Sal Alfano is executive editor for Professional Remodeler. firstname.lastname@example.org, 202.603.4884
When I first started my business, I did estimates by hand on a yellow legal pad. But when something changed, it meant adding or erasing line items, then manually recalculating the total price. In 1977, I spent the princely sum of $119 for a Texas Instruments programmable calculator just to help speed up these calculations.
By 1982, I had my first computer and started using a spreadsheet called Multiplan, a Microsoft product that eventually evolved into Excel. Not only could I automatically recalculate an entire column of numbers with a single keystroke, I could create estimating templates that would automatically look up prices in tables that I could customize to reflect my actual costs. After the legal pads, it was like magic.
But output was limited. It was possible to create the reports I wanted, but that would require programming that I didn’t have time to learn. So in 1986, I started looking for estimating software. As it happened, my search coincided with the release of Timberline’s Precision Estimating, which set the standard for years to come.
Of course, this is all ancient history … isn’t it? Surely, estimating software has improved in 30 years. Surely, today’s successful remodeling companies are using sophisticated software that lives in the cloud and integrates sales and marketing software with accounting and estimating software. Surely, they have implemented systems that virtually eliminate duplicated effort and create daily dashboards that can give mangers up-to-the-minute data-driven views into their business.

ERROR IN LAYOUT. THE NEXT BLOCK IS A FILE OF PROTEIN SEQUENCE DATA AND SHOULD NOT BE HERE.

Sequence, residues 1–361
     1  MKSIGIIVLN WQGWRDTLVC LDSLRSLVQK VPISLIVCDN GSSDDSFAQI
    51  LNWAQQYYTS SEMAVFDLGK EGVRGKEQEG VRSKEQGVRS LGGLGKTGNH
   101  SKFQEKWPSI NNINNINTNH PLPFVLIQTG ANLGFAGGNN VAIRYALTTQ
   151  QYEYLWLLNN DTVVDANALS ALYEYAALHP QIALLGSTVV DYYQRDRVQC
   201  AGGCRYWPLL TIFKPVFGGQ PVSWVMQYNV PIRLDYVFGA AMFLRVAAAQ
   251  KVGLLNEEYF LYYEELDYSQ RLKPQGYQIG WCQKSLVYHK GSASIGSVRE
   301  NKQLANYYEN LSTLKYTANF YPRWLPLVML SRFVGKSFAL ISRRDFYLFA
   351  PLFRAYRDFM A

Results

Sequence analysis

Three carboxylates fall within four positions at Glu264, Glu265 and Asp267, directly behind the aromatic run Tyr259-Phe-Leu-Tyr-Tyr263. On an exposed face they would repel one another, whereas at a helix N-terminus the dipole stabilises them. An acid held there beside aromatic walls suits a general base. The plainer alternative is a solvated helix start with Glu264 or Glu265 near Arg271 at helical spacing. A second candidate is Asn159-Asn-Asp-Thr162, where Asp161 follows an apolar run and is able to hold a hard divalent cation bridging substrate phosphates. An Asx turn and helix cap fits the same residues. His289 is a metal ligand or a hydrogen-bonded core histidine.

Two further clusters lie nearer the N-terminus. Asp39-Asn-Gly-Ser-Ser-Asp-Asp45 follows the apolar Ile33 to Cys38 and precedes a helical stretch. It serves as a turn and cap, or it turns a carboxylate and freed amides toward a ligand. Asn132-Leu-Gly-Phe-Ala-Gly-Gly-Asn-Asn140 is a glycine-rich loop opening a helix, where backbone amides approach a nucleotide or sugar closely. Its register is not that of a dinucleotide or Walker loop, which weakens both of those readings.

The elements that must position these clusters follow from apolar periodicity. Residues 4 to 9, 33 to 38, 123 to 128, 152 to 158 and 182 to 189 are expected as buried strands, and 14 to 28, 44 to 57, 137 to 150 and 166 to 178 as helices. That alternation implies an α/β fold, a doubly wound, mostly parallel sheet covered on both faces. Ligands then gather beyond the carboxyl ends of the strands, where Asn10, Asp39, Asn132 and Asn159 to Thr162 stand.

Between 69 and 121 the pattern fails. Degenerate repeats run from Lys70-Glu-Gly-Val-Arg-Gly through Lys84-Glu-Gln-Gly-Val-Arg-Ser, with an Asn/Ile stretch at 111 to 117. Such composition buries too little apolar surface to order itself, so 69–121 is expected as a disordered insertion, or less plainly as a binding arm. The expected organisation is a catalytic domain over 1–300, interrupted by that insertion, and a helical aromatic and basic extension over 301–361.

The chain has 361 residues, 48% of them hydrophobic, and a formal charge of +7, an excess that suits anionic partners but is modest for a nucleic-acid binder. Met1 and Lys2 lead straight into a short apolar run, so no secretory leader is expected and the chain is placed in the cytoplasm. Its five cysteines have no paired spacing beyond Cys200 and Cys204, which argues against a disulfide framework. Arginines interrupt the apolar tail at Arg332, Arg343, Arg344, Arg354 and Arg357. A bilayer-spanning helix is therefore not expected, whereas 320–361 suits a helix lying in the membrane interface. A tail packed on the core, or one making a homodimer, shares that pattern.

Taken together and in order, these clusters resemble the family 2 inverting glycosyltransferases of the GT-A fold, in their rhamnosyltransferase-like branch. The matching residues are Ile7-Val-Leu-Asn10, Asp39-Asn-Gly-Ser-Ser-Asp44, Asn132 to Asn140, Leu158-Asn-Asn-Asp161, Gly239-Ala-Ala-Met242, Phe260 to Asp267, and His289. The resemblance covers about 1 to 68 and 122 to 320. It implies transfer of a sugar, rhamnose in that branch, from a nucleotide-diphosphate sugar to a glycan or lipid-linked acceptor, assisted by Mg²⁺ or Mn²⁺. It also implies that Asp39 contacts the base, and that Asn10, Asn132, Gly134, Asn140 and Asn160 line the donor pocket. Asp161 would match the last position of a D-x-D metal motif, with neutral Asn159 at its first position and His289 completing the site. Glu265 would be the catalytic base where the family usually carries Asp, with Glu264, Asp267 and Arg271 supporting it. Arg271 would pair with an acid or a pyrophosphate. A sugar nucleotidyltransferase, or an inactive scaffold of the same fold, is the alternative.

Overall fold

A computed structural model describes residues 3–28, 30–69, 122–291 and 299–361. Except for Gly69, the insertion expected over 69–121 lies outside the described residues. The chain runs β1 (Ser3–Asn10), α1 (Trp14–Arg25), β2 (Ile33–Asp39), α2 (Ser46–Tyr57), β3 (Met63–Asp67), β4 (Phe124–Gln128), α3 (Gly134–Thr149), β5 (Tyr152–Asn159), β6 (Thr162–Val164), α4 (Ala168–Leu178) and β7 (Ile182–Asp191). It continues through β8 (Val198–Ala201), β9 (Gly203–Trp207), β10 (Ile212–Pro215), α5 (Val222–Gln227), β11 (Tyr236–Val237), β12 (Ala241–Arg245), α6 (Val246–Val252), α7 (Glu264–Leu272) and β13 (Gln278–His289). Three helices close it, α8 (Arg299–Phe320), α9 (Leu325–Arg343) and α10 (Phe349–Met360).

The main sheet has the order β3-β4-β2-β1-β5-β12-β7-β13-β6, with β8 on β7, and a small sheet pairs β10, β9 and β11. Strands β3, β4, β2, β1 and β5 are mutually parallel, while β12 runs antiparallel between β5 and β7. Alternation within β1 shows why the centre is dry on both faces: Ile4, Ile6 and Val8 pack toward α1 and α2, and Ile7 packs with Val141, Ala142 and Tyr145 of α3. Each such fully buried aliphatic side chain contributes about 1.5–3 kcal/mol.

... The More They Stay the Same
It turns out that many of the issues I faced as a small, growing remodeling company in the 1980s haven’t changed much in 30 years—and not just for today’s small, growing remodeling companies, but for companies of all sizes and at all stages of development. I recently attended two events organized by remodelers to discuss common problems and explore solutions. On the surface, the companies seem very different: In one group, the largest company had revenue of about $4 million; in the other, $34 million. Look a little deeper, though, and the issues they face are not only similar to each other, but are almost identical to issues that I and other remodelers faced 30 years ago.
Take estimating, for example. Almost all companies in both groups still use spreadsheets, either because they haven’t found anything that works better, or they don’t want the disruption that changing systems would cause, or they don’t want to increase their IT budget to set up and maintain something new.
What’s the Difference?
But progress has been made. Compared with companies of 30 years ago, the owners in these groups are more self-aware about their shortcomings and are proactive about finding solutions. They mostly know what they don’t know, but they have the courage to welcome peer review and the honesty to admit that there’s still room for improvement.
Size and sophistication do not exempt any remodeling company from problems with technology, design, estimating, marketing, sales, accounting, production, or personnel. What makes the difference is how accurately owners and managers identify the problems, how honestly they face the alternatives, and how quickly they implement solutions.
It’s a group effort.